Logansport Pharos-Tribune from Logansport, Indiana on January 31, 1891 · Page 6
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Logansport Pharos-Tribune from Logansport, Indiana · Page 6

Logansport, Indiana
Issue Date:
Saturday, January 31, 1891
Page 6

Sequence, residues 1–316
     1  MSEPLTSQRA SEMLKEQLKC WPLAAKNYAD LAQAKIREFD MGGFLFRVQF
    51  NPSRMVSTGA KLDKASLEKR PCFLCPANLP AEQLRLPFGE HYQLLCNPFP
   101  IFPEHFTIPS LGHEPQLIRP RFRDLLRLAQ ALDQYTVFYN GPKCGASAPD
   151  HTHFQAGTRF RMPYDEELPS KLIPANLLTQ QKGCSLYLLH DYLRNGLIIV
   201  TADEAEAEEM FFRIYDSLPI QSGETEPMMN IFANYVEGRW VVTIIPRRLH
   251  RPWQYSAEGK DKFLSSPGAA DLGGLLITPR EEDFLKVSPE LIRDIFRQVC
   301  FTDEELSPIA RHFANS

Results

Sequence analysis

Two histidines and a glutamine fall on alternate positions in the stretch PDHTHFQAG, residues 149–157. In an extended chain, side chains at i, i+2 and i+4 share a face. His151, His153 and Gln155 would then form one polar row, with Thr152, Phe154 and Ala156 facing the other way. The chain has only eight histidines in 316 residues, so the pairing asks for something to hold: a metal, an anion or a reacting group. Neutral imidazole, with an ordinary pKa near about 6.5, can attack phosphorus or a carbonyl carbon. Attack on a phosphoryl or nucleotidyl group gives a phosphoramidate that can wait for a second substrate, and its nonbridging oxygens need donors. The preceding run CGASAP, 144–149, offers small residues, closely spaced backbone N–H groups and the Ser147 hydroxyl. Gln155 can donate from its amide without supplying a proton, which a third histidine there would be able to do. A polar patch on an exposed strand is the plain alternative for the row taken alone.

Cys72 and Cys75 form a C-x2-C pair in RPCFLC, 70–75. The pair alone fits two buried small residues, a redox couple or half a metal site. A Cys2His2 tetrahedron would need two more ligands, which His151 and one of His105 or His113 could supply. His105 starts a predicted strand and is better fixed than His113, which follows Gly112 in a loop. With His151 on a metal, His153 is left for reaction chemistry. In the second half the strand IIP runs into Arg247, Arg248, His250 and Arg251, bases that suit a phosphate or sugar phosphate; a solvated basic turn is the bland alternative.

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"ONLY CALICO." : jfon like my dress? I'm very glad to hear it; j Our "noblestmlssion Is to please," you knowt il clear, dark blue— tow ninny women wear It I— Brightened with "cniiltnal"— all calico. Jt fits so prettily, it I did moke it; I stood before tlie glass an hour or two, • pMunnluB and pinning, fitting and refitting Bcforol thought the drapery would do. Trhat did you say? "Yoe're very sorry forme!" You neert not be, for I have learned to l;now, : As In life's school I roivcl tho lessons set me, There arc wor.se tasks thun wearing calico. loava a pair of strong, brave hands to help me, A clour, .wise brain to work my puzzles out, . A tentlor heart M comfort and to ion; mo, And 1 am happy beyond wish or doubL It I should die, I know, without a question. Ttmt this' 5,'rcivt aeurt would "keep my memory green." And, while I live, within my little Kingdom I roijja a lovefl and undisputed queen. Els cheerful voice lias boon my sweetest music. Bcfora bin smile my cares and tro'.ibles go ; And for his sake— I'll tell jfou as a secret— Pm proud of wearing "only culk'O." PC Rave it to mo and I would not change it • For any "combination" Worth may Know: Lovo'e rainbow shines upon my simple wardrobe, And that transfigures "only calico." — Adeline G. George, in Good Housekeeping-. amUItion to soe It in" print. I thought how I could host sot a!>ont getting my namo beforo the- pnlilio. nnrl began ADVICE BY A BURGLAR On How to Make Houses Secure Against Thieves. /An Ex-Burglar, -Writtof in tlie Light, at ..,. Experience, Gives Som« Ideas Which Architects Might Adopt with Profit :' —Opinions of GuLt Koss. Things have come to a pretty pass •when an ex-convict io sheer disgust :feels called upon to instruct American ; architects how to make houses burglar- .pfoof, says the Chicago News. But such is the state of affairs, as the fol- •'lowing' interesting- aommunication will .; attest: :: "To THE EDITOR: If you will consider a few "words from one who lias boon a burglar and [housebreaker, I will soy something apropos or •the Lmablom robbery in this city a few days .isince. •-, "The first thing: that strikes an 'operator' Irom abroad upon his entrance into ; Atnorlcan '"$G F ~.'«s is the utter absence ol any thing like pro"-,. \oo for your houses. Yovir architects seen; •'"•--va lived all their lives in some retired •ol villag* where every one is honest. sj^They do not seem to understand that one chief IjS.'jpart of their work should be to build burglar- Ipr'proot houses—a thing which can be done so S;;jeasily that they ought to be ashamed of their K:: "Suppose Mr. Snell had provided his house g-rj-with light, handsome openwork Iron—or bet- jTSi tor, steel—doors aad windows, fastened with |Sv| strong chain locks, or Mr. Lindblom had pro§£.• looted his windows with ironwork, do you sup- 5j'j poso any thief would ever have entered them? |j. These 'gillies,' as they are called, are common *.;,j all over the old country. When I was 'doing' g^'jtime in an English pri*Di\ I remember how a S'j i prisoner used to dilate upon tho verdancy of i5jy'|the Americans in not using the same. K?i. "As a health measure one would suppose jjf.-j.lhat the builders -would put to these guards so j-gj.tb.at.every thing could bo opened to the fresh |KJ nir at night. Bu1 above all thoy ought to remove the temptation of exposed valuables irom us veak mortals. . Ex-Cojrv'iCT. • "Please excuse bad writing from a hand erip- |i j>led by a pistol shot in St. Louis ten years ago." This indictment of American builders ||'jfor not constructing-houses on the burg- ifeflar-proof plan is a matter demanding Igisome attention. Therefore it has been p-jtboujjht a g-ood 'idea to obtain an inter- Eijview -with, a burglar and see how the r|i':"profession" would look upon the es- |:-convict's reform notions. But first to catch the burglar There stands at 234 Honore street an ||old, two-story, drab frame house, the ||!front door of which opens on a level iU'with the ground. It is one of a row of |';six tenements, like many other barrack- teflike buildings that were hastily thrown •together immediately alter the great jfire. It is here that a Home of Indus- J.try, a refuge for discharged convicts, Is Ijloeated. It was established about six ( "'_ ars ago by the reformed burglar, H"Mike" Dunn, and it is presided over fey K;Kev. A. C. Dodds as superintendent. In gjthe rear of the home is a broom factory ex- convicts are put to work. p.The home has room only for those who jpdesire not to rettirfi to their former rilfuilty occupations. .-". |" -A jerk given to the old-fashioned bell- 'jinob brings to the door a stout woman, |who scans the caller critically from her |8eep-sct brown eyes: "Come in, climb $|those stairs and go back to the open |ifloor at the end of the hall. " ;!'*: Eev. Mr. Dodds is found in his narrow |,6fflce, seated by a window overlooking convict workshop. He has thirty es-convicts at work, several of whom P — ~e been well knoivn to tho police as criminals. _ He tttrns to his book of flrecord and finds that he ha^ several b'iirglars in' the shop, but he does not the idea of -having- them inter- f-- "-^y one 0:t tiicin ' n o doubt, could '^relate interesting stories, but I don't fahcy they arc at all anxious to do so," iasoned .Mr. Dodds. |t, However, he finally whistled down a ' ibe and commanded the foreman to \ | send up Gail Ross from the cut-off : bench. is- "What a name for a burglar!" mused ••the reporter, and before he could form |anyideaof a person to fit the literary licpgnomen a shadow darkened the glass iflbor and a short man forty-two years §t>ld, the very image of Editha's burglar, *entered v bowing. *,'Mr. Dodds explained the reporter's ^mission and the man signified his will- lirigness to talk. He spoke with the hint ictf .a Scotch accent and his • language- a College professor could not have dis- 'Of course Gail Ross is an assumed |naine, is it not?" asked the reporter. f;S"Of course it is not," quickly retorted Jtfe'burglar. "Why should I have" an •wssumed name.? That name was worth :h, to me at one time. It is worth ipre now, for it is about .ail I have ;except a .bad cough and an en- constitution, 3'Jfo doubt it seems strange to you iit a burglar'should sail under such. a. literary name, but vviiy should it? I was "i'always'a burglar, and for that jnat- I; don't consider myself irijetrievably Sue;now. When I grew up my name to look so well whenever I prote it • that it inspired me with an . in a New York publication, and some of them even broke through the quarantine and got in the magazines. I imagined I was surely on the road to fame when I got that far, but— whisky, you know. "All this has little to do with burglar-proof houses, but even a burglar has not necessarily lost his sell-respect completely, and he likes to find an excuse for bsinir what ht: is. I just want to say one tiling, and then I'll give you my ideas about how "houses should br; constructed to keep out the 'profession.' "As I said. I got to writing poetry, and poetry provoil my downfall. Through my verses I met and became engaged to tlie daughter uf a man that afterward b'x-ame Vice- President of the United States. Don't ask me her name. I still have enough honor to protect her from the disgrace of seeing her name coupled with tbiit of a burglar. Whislry destroyed ray hopes. •'I shipped as pantryman to Liverpool and I visited many European cities. Returning to America I became a burglar simply because it offered greater inducements -than any thing 1 was able to tu n my hand to. "But enough of that. The first burglary 1 remember of committing was when my father lifted me over the fence into a neighbors yard to steal flowers.' I suppose he didn't think haw bid it really was, but the memory of that first theft has citing to me always. Subsequently when I took a notion to steal something more than flower — namely, to gut a jewelry store — I fortified myself with a good bracer of whisky, 'worked' the house without a blush and blamed my father for teaching me to steal. "JCow, across the water it is not so easy to gain access to a house as here, because of the iron screens. In New York it is hardly less difficult, in my opinion at least, for the same reason. However, out West it is not considered a difficult feat to enter a. house, take it where you may." "And you ascribe that to—" "To the way the house is built. People have learned _ to protect their basement windows, as a rule, with bars, but still this is not always the j case. One would think that a man with ' his millions, perhaps, in the bank, with his house loaded with costly art pieces, and a fortune alone, may be, in diamonds and silverware, would take every precaution to guard against burglary, but he doesn't. He imagines because he never has been robbed that he never will be. That is about as much sense as the. man had who didn't want his life insured because he had never died. . . "Whenever I took a notion to 'work' a house I didn't stop to go and look up the police record and see if the place had been 'worked' before. I immediately began laying my plans. A. man with good nerve and a clear head who works alone ought to be 'successful. I always worked alone except once. Then I was caught and my 'pal' escaped. I was on the outside and he 'doing' the job. I took my sentence like a man and never 'peached' on him. Had I been 'operating' alone I don't think I would have been caught. "About making houses burglar-proof I should first recommend that people put locks on their doors 'that cari't be picked with— well, with a button-hook. A burglar depends 'largely on a skeleton key to gain access. ' Men of means, however, now have the latch-look on their doors, and these can not be picked — that is, not readily. To guard against entrance by the doors they' should be heavy, should fit tight to prevent work with a ; jimmy,' should be double locked with a chain-lock on theanside and bolted securely at top and bottom. That will generally baffle a sneak-thief, who does not deserve to be called a burglar. However, when he finds the door effectually bars him he can go to the rear, climb on a shed, portico, or even 'skin' up a water-pipe or lightning-rod to a "second-story window. Such a window- is said to be the easiest place of all to enter a house. That is why there, are so many 'second-story workers,' as they are called, but I never tried it myself. To prevent these fellows all exposed windows— I ifiean those opening on a . porch or shed— should be well barred. A 'second-story worker' doesn't carry tools as a rule, lie is a sneak* thief." The man spoke these words as if the "profession" looked on sneak-thieves as objectionable characters who should be excluded from the society of honest cracksmen. "But for iron bars and steel doors," he continued, "an expert burglar has little dread. Give him time and he will go through any thing. It requires a genius to circumvent him, and even genius is not equal to it. And for this reason: A burglar or safe-blower has a greater incentive for surmounting the difficulties in the way of access to a treasure than has the inventor, for creating them. The one receives his reward in the shape of salary; the other in working for a fortune, perhaps, that lies just beyond the barrier 'which. he is endeavoring to overcome. The, burglar gains a fortune for a few hours' labor; the inventor labors for a year, and at the end of that time gets barely the worth of his work.-" It is a natural law that where there is the greatest' incentive there will be found the greatest results of labor. So it is you will find burglars as smart .and even smarter than inventors. , "For my part I .fail to see how you could make a.house absolutely burglarproof. : You might make it so difficult of access that the burglar wilT find /another to suit his purposes ax well. . One thing is certain, however: A rich man is a fool not to have bars on his windows.. They cost little, but they may save much." THE JAPANESE WALNUT. A Tree That I» Now Attracting Some Attention in Tills Country. The Japanese walnut, which is now attracting some attention, appears to have been introduced into the United States about twenty-five years ago. The oldest trees are at Tower House, Shasta County, Cal., the property of Charles Camden. There a.re two trees. "They bore nuts at eight years o'l age." Mr. Camden writes. "The trees grow very thriftily and are handsome in shape, and are very full and regular bearers." The illustration is made from specimens from these trees. Some fifteen years ago Mr. Camderv sent trees to General Bidwell, at Eancho Chico, and they are now bearing. These and the two original trees are the only ones yet fruiting- in this country. The tree is now offered by some Eastern nurserymen, and shall soon hope to know soineth Definite as to its hardiness and eapab. ities. The speuies grows in Northern Japan and is said to be as hardy as an oak. Juglans Sieboldiana is closely allied to J. Mandchoorica, another species of Eastern Asia, though it is not recorded as a cultivated plant in Japan. Dr. Maximowicz, the author of both species, says that he has often seen them growing and knows of no good distinction betweel them, except the characters of the nufs. J. Mandchourica has oblong and ridged nuts, while J. Sieboldiana should have short and smooth nuts. In shape, the nuts of the specimens figured (see illustration) are very like those of J. Maudchourica, but their smoothness t»rte stock and avoiding in and in breeding. As to: a remedy, three-quarters of the cases of "hog cholera" are worms, and that.a good vermifuge will cure.—' Western Rural. FOR A Tripod LIFTING HOGS Which Is Che:-p, and Can Be IVIudo at Home. Farmers will find this device convenient for lifting- a hog- or beef; it is made of 2^x4 inch ash scantlings 7 feet long, two framed firmly together, the third one used as a prop' ami to elevate the carcass after being" hooked on to a. With this a man can hang up a hog without assistance. A tough hickory stick nicely rounded, or a half-inch iron rod, can be used at the top.—Ohio Farmer. A TWIG OF JAPANESE WALNUTS. places them in the other species. It is very likely, as Dr. Sereno Watson suggests to me, that the two species run together, and that the California trees represent a variation towards J. Mand- chourica. TKe species might he called witk better propriety the • Japanese butternut. The nuts are borne in long' clusters which often hold from fifteen to twenty specimens. Nuts are shown, with the husks on and removed, in the illustration. The shell-is thinner than that of our butternut, and the kernel is sweet and rich, much as in our species. The tree itself is attractive. It appears to be one of tho most promising' of recent acquisitions. According to Luther Burbank, "the species is of easy culture. - It accommodates itself to the same soils as its con-i geners, and grows with great vigor. It is easily grafted by approach upon our common walnut [English walnut?], and its trunk, retains the same dimensions as the stock; but it is by seed that it should be multiplied. It reproduces itself perfectly true, and if the young plants remain bushy during the first years, the tree shoots afterwards, and, thanks to its. rapid growth, promptly assumes large dimensions." Prof. Wickson says that the species first gained prominence in 1881, when the California State Horticultural Society referred the question of its botanical affinities to G. P. Kix- ford.—American Garden, IT IS TRUE that if tobacco chewers will insist upon trying the I* u 4 b acco, will NOT but-wiJI def the T3ESTanc! M05T tf\at C,an be.jjiV0i for ti^e. money. /UK Your c/ealerfor i'?. Insist on /\aVma it HOG CHOLERA SYMPTOMS. MUSTY, dirty hay is the- cause of heaves. It does not pay to-feed such hay and dus. »roy the usefulness of a good hor^e. It Is Well to Know Them, But to Know :} Cure Is Better. The Iowa State Board of Health gives the follpiving- symptoms of hog cholera:' The presence of .the disease is indicated by a cold shivering 1 lasting- from a few seconds to several hours, frequently sneezing, followed by loss of appetite; rough appearance of the hair, drooping- of the ears, stupHness, attempt to vomit, tendency to root the bedding, to lie down in dark' and quiet places, dullness. .of the eye, often dim; sometimes swelling-of the head, eruption of the ears and other parts of the body, dizziness, laborious breathing-, g-aunt appearance at the flanks and pumping- appearance -at each' breathing-, vitiated appetite for dung-, rlirt and salty substances, accumulation of mucus in inner corner of the eyes, discharge from the nose, fetid and offensive odor of discharges from the bowels, offensive exhalations, diarr- ho;al discharg-es, are semi-fluid, of grayish green color and often mixed with blood. In many cases the skin on the belly, between the hind legs, behind the ears and even on the nose has numerous red spots, which, toward the fatal termination, turn purple. As the disease progresses, the animal becomes sluggish, tha head droops with the nose near the ground, but usually will..be found lying down with the nose hid in the bedding. If there has been costiveness, about two days before death there will be offensive, fetid discharge; the voice becomes faint and hoarse; the animal is stupid; emaciation increases rapidly; the skin becomes dry, hard and very unclean; there is cold, clammy sweat, and deaAh soon follows with convulsions, or gradually'by exhaustion, without struggle. In chronic diseases, or those of longer duration, the animal becomes sveak, lies down most of the time, eats ; .but little and- has diar- rhcea. These cases may linger for weeks, scattering the poison of the disease in the discharges wherever they go. The Rural does not,know .that much benefit is derived from the publication of symptoms. The thing- we are after is'prevention and cure, and the prevention will be found in feeding- less corn, keeping in clean quarters, compelling •xercise and breeding from more ma- Attractive and Proniis[Kg ij3?s; r* u R ^ /f$ f^- a? wHICiAkA REAL P^T.,/% ••• ." *\ . »• tin VsJ bj jr< TURNER &. BO.KD, , . IO2 Washington St.,''Chicago', id, EstalitaM I8i5. Bcliawiice Isti'al!. Bj;il;, !!;ic«"i). We also Collect l{c-iit», rnyT»x<-.. \et-.nl- I.'! 0 J»« C W'TlBjlBe J.«>:iu«; ntllocOBttO ienA- er, iina MJIIUICC K»i;tt<;» for non-ix'stdoiits. Correspondence solldtcm and given prompt attention. Mupsan'.! lull Information sent on npriili-ntlon. We offer lor sale a, number of ticru cruets In amounts from Si.OOO to 800m Tonns penunUiyM t:01 i? (i i lal: '- t) i l '' l " ec 1 '- >llm iSyaars.(-,])ei-ci;iitintcrHSt. \v o nuve Tor Haleiveil-Iocatyd hnslnoss nrooerties, and other siifeKoul Estate Invcsrmcnts. A numbur of dcslruljlc first nnirtcnau loans for sale, drawing I! por cunt 3cm!-aiiin:nllnterest. Among Specia. Bargains in Acres we Quote: 41) acres nt Clyde, near station. £2.500 nor nc'ro. I'; 12 or 18 acres near Hirer Format, jug) per ucre. 130 acres near Desplalnoa, SS'iO per acre. Inside Income-Producing Business Properties. . Centrally locutedotjlco BldR. pnylneT per cent net. Also Mute St., nearaitb., business block, uaysT per cent net, S«,000. Elation Avc.. and Clybonrn PI. Stores and flats piiy 10 per cent net. Prlco $15.0110. CottaKO Grove-ave., near 2;)tu-st. Stores and Flats, pay 8 per cent, cot. 885,000. ' Also vacant corner in nest wholesale fllst. SBTi.OOO. Chicagowaiinevcrarouiltwf'ist.t'.rt-linn ncnti. Judtr eima inaatTnentfuiMjirodiux lutnOmma returns. ' S CottOH- COMPOUND ^Composed of Cotton Kont, Tansy and Pennyroyal—a recent discovery by an 'old physician. Is succc&fulhfttstd monthly— Safe, Effectual. Price $1. Dy mall, sealed. Ladies, ask your d.-UL'Klst for Cook's Cotton Boot Compound and take no substitute, or Inclose 2 stumps for sealed particulars. Address POND LILY COMPANY, No. 8 Block, 131 Woodward am, Detroit, Mich. in bcccrncrtatourNKWlincofworX. ipitlly und hoiioniMy. lij- Llioso of Ilit'i-hiix, vouiif: or old, mid in their ivn I»cHlitu!H,\v]n.-rcvcr t!](•>• Hve. Any — - one can Oo llti; work, !>«v to learn. Vfa funilHh ovoryt!ii[i£. We Btnrt you. No ri»k. You cnn iluvoto yournpiirc imiiix-nrs, or nil vonr llmw to tlic work. Tlilu In an elitlniiy iiuw lfiid,iind brinpii u'otuk-rrul BUCCL-OM to trory worker. li^KltltitiM nre «nrnln£ from *-_'5 to IFfiO pcrwcek and upvi-ul'ild, nni].nioi-OHI'tM-iL Iktlc uxporiiinco. We citn TuniUli you the cm- MONEYS pioymo Infor and tea n KIUiK. KlfKK. npncoto t-xulnin hero. Full -, AUWJ8TA, JHA1NK. 6r.;i«- Httle fortunrnhnvolironniBdoat work for u«, bv AHUM Pflfrc, Anatfn.' t 'I*cxiur t -find Jtio, lloiiu, Tgludo, Ohio"•CO cut. Otherftitrcilof tip unwell.!-Why ot you? Some i-«ni over #600.00 a lontli. Ton cnn do the work and Hvo .1 liome, whcrovcr you are. Even bc- jrlnnorn arc Busily enrninp from if C to flOn-dny. AHnfjo*. \Vo«how you how and ntiinyou. C'nn work In npurctlmo OPAM tii« lime. Uls money for workers. Knlliti'c unknown nmonc iheml -fn!. Pnnk-ulnrifrcc. tliind,Maine Ohloheiitcr'a ^nellftli DImnonil Brand. ENNYROYAL PILLS P \r ^ -* Original »n<> Only Genuine. always rcltnble. '' .. mandJJrand tn lied R.Q Iboxca, scaled trltb blue ribbon. Tulfo o other* •RcfUACdangtrovtsubttitti' ' (<ms and iniifarton*, ALDrUggiati,orBcnd4«* la Ktumpt &c Jittnfauli>.r9, teflCJmonlftU *od- *'ltellof for £«clltas w in lttttr t by return ' JAmlL 1O.OOO TeatlmonlnK. ffame OklelwterCbemlcaiCo.,Mjidlffoii S LociU Dr Kor &tue Dy 8. JT. KeesIJng. YOUNG WIVES ! Who are for the first time to undergo woman's severest trial \ve offei MOTHER'S FRIEND a remedy -which if used as directed f.y a few weeks before confinement, robs it of its pain, Karrcr and Risk to Life of both mother and child, as thousands who have used it testify. A Blessing to Erpeotant Mothers. MOTHER'S Emssa is worth its weight ir. gold. My wife suffered more in ten 'minutes with either of her first two eliildren than she did altogether with her lust, bav- in? previously used four bottles of MOIH- Er.'a FIHEND. Itis a bio-sins to mothers. Carmi, 111., Jan., ISM, G-. F. LocKWOOD. Se-st by express, chftrfi-es prepaid, on re- npipt of price, Sl.SCpur bottle. Sold by all cln'Krists. Book io Mothers mniled free. EEGUI/ATOB Co., Atlanta, Go. iWHYl YOUK LIV1SB IS OUT OF ORDER Ton wlU have SICK HEADACHES, PAIJfg Ef THE SIDE. DYSPEPSIA, POOB APPE- TITE.feel lisUcssand unable to get through your dally work ir social entonnwta* luo •will lie a burden, to you. Sold by Ben Fisher 4tli street S3000 A. TTEAK ! TiinilcrtiiTio to briefly tench Pliy fairly Intelligent prrnun of cither •jci, wlio can reed imd write, and who, ifterInntnict;oii,wJlJ ivorJi Induatrlously. - - .lowto earn Three TltuuniitK} Dollar* a T(tarlntlii!lrqwnlo»!ItIaa l wlicn.'rertherlIve.Iw!IIii]iDflimUh tile situation or employ men t,nx willed you cim mm tliiit nmount. No mon«y far mu Uitlvan succt^iifulitH al>t»vc. Em.i|yand quickly learned. l-dcflro Ijtlt ona worker from eitcli di«ir|i*t or count v. I lmvonlroailylnu K l[t imd provided with em i > Jo v tin; ill n idrtro number, who are mpklttR Ovur f 3000 a j-cBreucll. It'* A'JE\V , snd SOr,IJ>. Fiijl Will cure yaa, drive tbo POISON out o« .your ey^tcm, and make you etromr and Tvell- They oost only »5 cents a box and may nave your lile. Can be .hod afc any I>rag Store* ZJXTEEFEITS PERFUMES THE BREATH. ASK FOR IT. FLEMING BROS., - Pittsburgh. Pa. LADIES ^ . C. A.JLI.,.E . Fiijl mu-tfcalQn. FJKEK. Adtf««at once, X JJox *»V, AuL'u.ta, Maine. n. year I* bdnp mode by John B^ GoocIwln,Tro)'iN.Y, t nt work for UK, Header, you uiiiy not mnk« aa rmcli, but wo cim tcndi you quickly ho\v to e.am from $C to 810 u diiy Kt tlio sum, nnd more a* you co Bull! KfcXCH, nil opts, In «ny part of ritu, you cnn commence nt home, glv- ill your iIniK,or Bjijtre moment* only to wary worJtcn We BtnrL you. /urnldhJnff evciyHilng. EASILY, SPEEDILY Icnnieil. 1'AimeULAHs FJCEE. Address at once. STLNSOS it CO., 1'OKTLAND, JIA1KK. P EERLESS DYES Do Tour Owtt Dyeing, at Hom«. * Tb>y will dye »7erythinp;. They ore sold everywhere. Price JOc. a package. TlieyhavenoeoiwI for Strength, Brifrhtneie, Amount in Packagei «r for Fastness of Color, or nor-furling Qualitie*. They do not or<wk or »rmi<: 4r> iy,. n f For Bale by Ben cisher. S3? Ifourth street. "Wood's 3?33.osi>li.odLi:n.©., THE GREAT E.\GUSI1 REMEDY. Used for 36 years by thousands sue- C.'e8(jfully. Giidr- antted to cure all forms of Nervous Weakness, Emissions, Spcrmator- rtea, Irn DO Cency. of Youthful folly and the excesses of later years. Gives immediate strength arid-vigor. AslcdrUKfflsM 's Phos. for Wood's . - Tlr pnuuiae; talceno .ofromLire. ii.h.Mt,,^ Ono package, SI; all, $5, by mall. Write for pamphlet. Address The Wood Chemical Co., 131 Woodward tve., Detroit, Sllcll. Winsloi,Lanier&Co., 17 NASSAU STREET, New York, BANKERS, FOR WESTERN STATES, CORPORATIONS, BANKS AND MERCHANTS. INTEREST ALLOWED' ON DEPOSITS AND LOANSNEGOTIATED. The Great English Prescription. A successful Medicine nued over ajj30 years in thousands of cases.J Cures SperrQ-atorrkea. Jferuout^ Weakness, Emissions. Imputency. and all diseases caused by abuse.' [BEFORE] indiscretion, or over-^xeriion. [AFTER] Six packages Guaranteed to Curt when atlotkcrt fail. Ask your Druggist for Tb e <*>••.•«» JSnrll.k Prescription, take DO substitute. One package 81. Six 85. bv mall. Write for Pamphlet. Addreb Eureka. Clieuiic&l Co., Detroit, illicit* Far HAIA by B. F. Keesllng. marM&wly WANTED 1IMW I C.U for SCOTT* I Corset*. Samplcfree to those tocoming: agenu. !>'• risk, qnlck H!«. Territory given, sattefdcdan guaranteed. Addreii DB.SCOTT.842 Broadway St..N.Y. S TOPS ALL unnatural discharges in _24 hours. TlQURES Gleet he;. in 3 days. No Stricture No Pain. SURE Adopted by theGer- manGovcrnmontfor Hospital £Armyuse P.S.C. is put up for American trade in a. patent botlle holding syringe (see cut) At druggists, $1.00, includin .. ._,,. The Von Moiil Company, Cincinnati, Ohio, I Solo Americiui Agentd. LlN(J, Ageut,' LotrdiJS|)Ort. Incl. ROF.DIEFFENBACH'S SURE CURE for SEMINAL, NERVOUS aid URINARY TROUBLES In YGUNB, MIDDLE-AGED and OLD MEN. NO STOMACH MEDICATION, NO UNCERTAINTY OR DISAPPOIKTMENT,l""pMi- lively relieves the worst cases In 2-1 hours, nnd permanentlyciivej in lOOduvf. 15daj« treatment on trial liy return moil for SI. Circular free. THE PERU DRUG CO.. Boleagtt.fortliBP.3. 189 WIS. ST,, MILWAUKEE, WIS. B i BY CARRIAGES^ I make a special ty of manuf nctnr- inn Buby Carriages to atrll direct lopi-lvinc purtle*. You can, therefore, do better Trith ma than p vpitli a dealer. Carriages • <§ Delivered Free: of"Charge. toa]lT>oint»in the Cniied Stales, Semi lor Illustrated CutulOoun. o CHAS. RAIS^Mfr. 62.B* Clybourn .Ave,, Offlcago, fii TO WEAK HEN Buffering from the effects of youthful errors, early decay, wastiBfjTvea-kaeas, lost raanbood, etc., I will Bend a valuable treatiso (sealed) containing full patticrilars for Somo cure, PR EE at charge. A eplbndid medical-work; should oe read by every • man -who is nervous and debilitated. Address, ffrof. F. C. rOWIJEIl, Hoodus, Conn. UfUJtT HAVE YOU SSF-TRADEP For some of the choicest- lands In WESTEKJi XLA.NSJLM, both clear and incnmbered, improved and unimproved. HTSenu f or Our J.I.I ol' prop- ertvtbittwe wUl Exchange for L.A.M>, , STOCK. Address A. B. l-AEKHli, BuiJnc, New LOGANSPORT KJCT BOUKT). New York Express, dally........ 2:i>5arc tft Wayne (Pae.lAccin., excpt Sunday 8:1S a re KIUI Jl5y cc Toledo Ex., excpt guu(teyll:15 a in Atlantic Express, dally 4K'G p m Accommodation Krt., excpt Sunday.. 9:26 p m WEST BOUND. FactflCExpress, dally...,; 7:52am Accommodation Frt., excpt Sunday..12 15 p m Kan City Ex., except Sunday......... Srf5 p m LatiyettH (Pas.ucem., excptSundaj- fi;i3 D m 8t Louis Ex.. dally .....10:Sip m Eel River Div., Lojrsmisport, West Side Ketwceu I<omuitipo>rl a.ud Cliill. EAST BOUX1X Accomn&ition,Leave, except Sunday. 10:00 a m™ AccomddiiUoii, leave " . •• 4:40 p m WEST'Bomrn.-' Accomoflntlon.Arrlve.except Sund-iy, 8:10 am Accomo iiitlon, Arrive, " . " 4:10 p ra HOFFMAN'S HARMLESr KEAPACHE POWDERS. the Best. CURE ALL HEADACHES. leyarenotaCatharfre Lake Erie & Western Railroad Co. "NATURAL GAS ROUTE." Condensec TimeTable IK EFFECT UABOH 1st 1890 Solid Trains between Sandusks and 'Peorla and [ndlaiiapoLlfi and Klein-' gan City. DIRECT Cormectlons to and from all points in the Dnlted States and Canada., Trains Leave Logansport and couoect with the L. E. &W. Trains as follows: ' WABASHB. E- \ Leave Logansport,4:13 p.mv. 11:20 a.m... g : l9 a.m Arrive Peru.. 4:3fi p.m..11:44 a.m... 8»5a.iD L. K. & V. R. E, Leave Pern, Nonh Bound 4:15p.m NMOa.nr South Bound 11:50 a, m WABASH R. B. . LeaveLoimnsport,3 : 45p.m.. 7:60a-m ArriveLaFayette, 4:55-p.m.. »30a.m L. E. & W. S. B. Leave LaFsyette, EaStBound l:50p.m West Bound 5:10 p.m H. C.PASKER. Traffic Manager, C. F. DALY. Gen. Pass, ft Ticket. A|?L . VNRTAJJAPOLiS. IND. A Chicago druggist re'rajled 2000000 of 25c HIRES' IMPROVED 25 c ROOT BEER! !HUDUID, NO BOILINCOI13TMININS EASILr.M'JIL- THIS PAC1M.CE MAKES FIVE CitlLOiVS. Tho roost APPETIZING aoa WHO: j!SOM3 TKMPEB.ANCS DRINK i» tto world. Delicious ftnd Sparkling. . , TRY Tj Ask your Druggist or; Grocer for Ji. C. E. HIRES, PHILADELPHIA. DR. SANDEN'S ELECTRIC BELT WITH SUiPENf DRY ' .-. . ... ran. • ... , IWEAKMEN DKlllLITATKB Ihrouftl. IS- DISCKKTIOKSorKXCKSSKf ANTER to C3TJ3EI.EX by thlj* NK^ •ELCCTRIC BELT AKil SUSPENSORV HOKKY. .Mnde for lilBBpeciliepur ose, Ciire'oT UencrallTa'lYcitknMsi Rlvlng.yrocjT, Jllld, J3not.)i .- nK. Contfclwoag.Currt-fU of IffMtrlcltT" throuirl] all ^VEA^ PABTS, rotorlng Ibcm to IlKAl/J H«nclTICTKOi;S STKKSOT11 : Klrttl-lfc Current Felt InsUnll;, or wo forfeit $6,000 Incafib B. F. Keeslirig and CuUen &'Co.,s6Ie i n L JlidlCIGUS AND PERSISTENT Adveiiisiu^j- htis always proveo successful. Before placinjrany Newspaper Advertising- consult LORD & THOMAS, i Slrwt. CHICAGO I A JWEW FOSlflVE ' CUltE FOB BRIGHTINE DIABETES, iiKiowra f Correspondence 1 flolict^d, valuable .^formation Jree. Dsual discount to wftde. . Disease ntk. WM. 18 K.B Sallo Street. ,oflrod allmenw A CO., Chlc>wo. HI; W. L. DOUGLAS ^ tLf-if\ ^™ 5HO:E; ranted, and so stamped on bottom. Address -~ W. JL. DOVGLA.IS, Brockton, MUM. Sold bj: J, B. WINTERS;. Broadwavi • ':,..-: .'. janld6mc-eo:r ... .. ;/ ,,..;,*.,. ,,^A